Apparently, we should all be living in Peoria, Ill., at least according to this TikTok influencer profiled by BuzzFeed.
The number of likely monkeypox cases in the U.S. has doubled in the past week, though a rise in cases was expected and the Centers for Disease Control and Prevention says there are “more than enough vaccines” available to handle the current outbreak.
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CDC: 20 monkeypox cases detected in 11 states
The number of monkeypox cases identified in the U.S. have doubled in the past week to 20, but the Centers for Disease Control and Prevention (CDC) says the risk to the public remains low and the strain causing these causes is believed to be a less severe version of the disease.
During a press briefing Thursday, officials from the CDC and the White House confirmed that 20 cases had been identified across 11 states.
“The strain of the monkeypox virus affecting patients in this outbreak is the West African clade, and that is less severe than other known clades [such as] the Congo Basin clade, meaning that in historical outbreaks in Africa it has led to fewer deaths,” said Jennifer McQuiston, deputy director for the CDC’s Division of High Consequence Pathogens and Pathology.
While the strain is believed to be a less severe one, McQuiston stressed that it should not be minimized since the virus can still result in pain due to its characteristic rash as well as severe scarring once the lesions have healed.
Most monkeypox cases in the U.S. have been found among men who have sex with men, but the CDC confirmed that one case had been found in a woman who had traveled to West Africa and reported having a heterosexual sex life.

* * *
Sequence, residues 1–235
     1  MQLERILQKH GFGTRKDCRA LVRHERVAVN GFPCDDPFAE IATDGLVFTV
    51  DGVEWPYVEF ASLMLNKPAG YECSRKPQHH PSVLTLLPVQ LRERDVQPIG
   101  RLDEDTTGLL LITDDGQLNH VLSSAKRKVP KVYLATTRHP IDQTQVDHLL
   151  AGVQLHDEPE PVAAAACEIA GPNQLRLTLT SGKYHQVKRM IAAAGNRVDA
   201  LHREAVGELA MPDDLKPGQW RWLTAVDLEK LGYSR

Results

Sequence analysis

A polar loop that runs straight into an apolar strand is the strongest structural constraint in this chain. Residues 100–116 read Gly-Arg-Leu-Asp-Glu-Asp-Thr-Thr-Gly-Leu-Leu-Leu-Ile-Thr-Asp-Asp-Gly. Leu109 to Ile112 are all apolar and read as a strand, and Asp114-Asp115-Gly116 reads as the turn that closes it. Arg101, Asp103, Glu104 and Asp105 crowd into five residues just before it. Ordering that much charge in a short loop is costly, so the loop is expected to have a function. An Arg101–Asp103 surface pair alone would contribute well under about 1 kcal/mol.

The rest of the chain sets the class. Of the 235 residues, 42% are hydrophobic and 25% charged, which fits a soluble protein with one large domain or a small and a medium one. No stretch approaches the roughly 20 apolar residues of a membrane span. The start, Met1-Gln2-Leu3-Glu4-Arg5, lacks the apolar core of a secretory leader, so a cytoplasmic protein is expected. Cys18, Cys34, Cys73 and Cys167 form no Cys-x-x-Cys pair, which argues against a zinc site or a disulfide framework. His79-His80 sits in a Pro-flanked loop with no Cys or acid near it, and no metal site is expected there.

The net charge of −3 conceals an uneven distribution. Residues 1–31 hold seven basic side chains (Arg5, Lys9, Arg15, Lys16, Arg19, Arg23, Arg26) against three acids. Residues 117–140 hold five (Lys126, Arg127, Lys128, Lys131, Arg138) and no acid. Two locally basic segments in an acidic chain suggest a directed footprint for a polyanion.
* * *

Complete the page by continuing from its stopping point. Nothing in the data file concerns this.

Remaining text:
The U.S. is currently following a strategy of containment to limit the spread of monkeypox by isolating cases, identifying people who have possibly been exposed and making sure that vaccines are offered to them. No monkeypox-related deaths have yet been reported.
Progressives slam decision not to cut 2022 premium
Progressives are criticizing the Biden administration’s recent announcement that the 2022 Medicare premium will not be cut despite lower-than-expected costs for a new Alzheimer’s medicine.
The cost of a premium jumped by $21.60 to a minimum of $170.10 and a maximum of $578.30 in 2022, the largest increase in the program’s history.
The jump was blamed in part on a need to shore up funds in case Medicare covered Aduhelm, the first Alzheimer’s medication to be approved by the Food and Drug Administration (FDA) in nearly 20 years.
The Department of Health and Human Services (HHS) last week said the Medicare premium will fall in 2023, but that it will keep the $21.60 hike for the coming year.
Critics have blasted the decision as causing an undue financial burden on many people who live on a fixed income.
Faiz Shakir, an adviser to Sen. Bernie Sanders (I-Vt.), called on the Biden administration to send out rebate checks to Medicare recipients this year, while fellow Sanders staffer Warren Gunnels tweeted: “Imagine being able to put more money in the pockets of senior citizens who are struggling to put food on the table right now and doing nothing instead. This is how you blow a slam dunk.”
Alex Lawson, executive director for the progressive group Social Security Works, slammed the administration’s decision to not lower premiums until next year, calling it “bogus.”
CALIFORNIA COUNTY REINSTATES MASK MANDATE
A county in California’s Bay Area is reviving its mask mandate for most indoor public settings to limit the impact of a surge in COVID-19 cases and hospitalizations.
Effective Friday, residents in Alameda County will once again have to mask-up inside public places like grocery stores, restaurants and gyms for the first time since the winter omicron wave. County officials cited rising coronavirus cases and hospitalizations, which have more than doubled over the last month.